Exploring the factors underlying remyelination arrest by studying the post-transcriptional regulatory mechanisms of cystatin F gene

Jiayi Li, Wilaiwan Wisessmith Durose, Junko Ito, Akiyoshi Kakita, Yohei Iguchi, Masahisa Katsuno, Kazuo Kunisawa, Takeshi Shimizu, Kazuhiro Ikenaka

Research output: Contribution to journalArticlepeer-review

Abstract

Remyelination plays an important role in determining the fate of demyelinating disorders. However, it is arrested during chronic disease states. Cystatin F, a papain-like lysosomal cysteine proteinase inhibitor, is a crucial regulator of demyelination and remyelination. Using hemizygous proteolipid protein transgenic 4e (PLP 4e/- ) mice, an animal model of chronic demyelination, we found that cystatin F mRNA expression was induced at 2.5 months of age and up-regulated in the early phase of demyelination, but significantly decreased in the chronic phase. We next investigated cystatin F regulatory factors as potential mechanisms of remyelination arrest in chronic demyelinating disorders. We used the CysF-STOP-tetO::Iba-mtTA mouse model, in which cystatin F gene expression is driven by the tetracycline operator. Interestingly, we found that forced cystatin F mRNA over-expression was eventually decreased. Our findings show that cystatin F expression is modulated post-transcriptionally. We next identified embryonic lethal, abnormal vision, drosophila like RNA-binding protein 1 (ELAVL-1), and miR29a as cystatin F mRNA stabilizing and destabilizing factors, respectively. These roles were confirmed in vitro in NIH3T3 cells. Using postmortem plaque samples from human multiple sclerosis patients, we also confirmed that ELAVL-1 expression was highly correlated with the previously reported expression pattern of cystatin F. These data indicate the important roles of ELAVL-1 and miR29a in regulating cystatin F expression. Furthermore, they provide new insights into potential therapeutic targets for demyelinating disorders.

Original languageEnglish (US)
Pages (from-to)2070-2090
Number of pages21
JournalJournal of Neurochemistry
Volume157
Issue number6
Early online dateSep 18 2020
DOIs
StatePublished - Jun 2021

Bibliographical note

Funding Information:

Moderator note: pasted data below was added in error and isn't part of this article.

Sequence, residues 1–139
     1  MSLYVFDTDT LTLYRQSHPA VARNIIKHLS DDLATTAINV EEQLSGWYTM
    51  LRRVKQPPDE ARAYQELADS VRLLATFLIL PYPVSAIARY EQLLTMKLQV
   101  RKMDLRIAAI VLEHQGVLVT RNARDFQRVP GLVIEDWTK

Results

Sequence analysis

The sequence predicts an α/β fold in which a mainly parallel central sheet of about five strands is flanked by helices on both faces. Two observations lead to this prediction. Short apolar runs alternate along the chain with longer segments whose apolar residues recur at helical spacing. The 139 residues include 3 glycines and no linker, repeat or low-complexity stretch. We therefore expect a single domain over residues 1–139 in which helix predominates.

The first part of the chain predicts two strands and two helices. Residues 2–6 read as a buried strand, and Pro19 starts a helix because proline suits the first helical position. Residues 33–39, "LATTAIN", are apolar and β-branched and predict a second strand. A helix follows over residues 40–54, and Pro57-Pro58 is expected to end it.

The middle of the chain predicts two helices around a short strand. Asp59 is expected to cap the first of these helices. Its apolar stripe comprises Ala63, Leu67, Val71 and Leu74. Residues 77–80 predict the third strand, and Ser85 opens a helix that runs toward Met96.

This work was funded by a Grant-in-Aid for Scientific Research on Innovative Areas: ?Foundation of Synapse and Neurocircuit Pathology (23110521),? Japan Society for the Promotion of Science (JSPS), ?Glial Assembly: a new regulatory machinery of brain function and disorders (25117001)? and by the Thailand Research Fund under the Royal Golden Jubilee-Ph.D. Scholarship and Mahidol University to WW and BC. The CysF-STOP-tetO, Iba-mtTA, MLC-mtTA, and PLP4e/- mice were provided by Takahiro Shimizu in the Division of Neurobiology and Bioinformatics, National Institute for Physiological Sciences, Okazaki, Japan, and Kenji Tanaka in the Department of Neuropsychiatry, Keio University, Tokyo, Japan. The human tissue was provided by the Collaborative Research Project of the Brain Research Institute,?Niigata University. We are grateful for the technical assistance provided by Hirokazu Hashimoto from the Division of Neurobiology and Bioinformatics, National Institute for Physiological Sciences, Okazaki, Japan. All experiments were conducted in compliance with the ARRIVE guidelines.

Funding Information:
This work was funded by a Grant‐in‐Aid for Scientific Research on Innovative Areas: “Foundation of Synapse and Neurocircuit Pathology (23110521),” Japan Society for the Promotion of Science (JSPS), “Glial Assembly: a new regulatory machinery of brain function and disorders (25117001)” and by the Thailand Research Fund under the Royal Golden Jubilee‐Ph.D. Scholarship and Mahidol University to WW and BC. The CysF‐STOP‐tetO, Iba‐mtTA, MLC‐mtTA, and mice were provided by Takahiro Shimizu in the Division of Neurobiology and Bioinformatics, National Institute for Physiological Sciences, Okazaki, Japan, and Kenji Tanaka in the Department of Neuropsychiatry, Keio University, Tokyo, Japan. The human tissue was provided by the Collaborative Research Project of the Brain Research Institute, Niigata University. We are grateful for the technical assistance provided by Hirokazu Hashimoto from the Division of Neurobiology and Bioinformatics, National Institute for Physiological Sciences, Okazaki, Japan. PLP 4e/‐

Publisher Copyright:
© 2020 International Society for Neurochemistry

Keywords

  • ELAVL-1
  • cystatin F
  • demyelinating diseases
  • gene expression regulation
  • miR29a
  • remyelination
  • NIH 3T3 Cells
  • Humans
  • Mice, Inbred C57BL
  • Middle Aged
  • Cystatins/genetics
  • Male
  • Mice, Transgenic
  • Multiple Sclerosis/genetics
  • Biomarkers, Tumor/genetics
  • Animals
  • Female
  • Mice, Inbred DBA
  • RNA Processing, Post-Transcriptional/physiology
  • Remyelination/physiology
  • Aged
  • Mice

PubMed: MeSH publication types

  • Research Support, Non-U.S. Gov't
  • Journal Article

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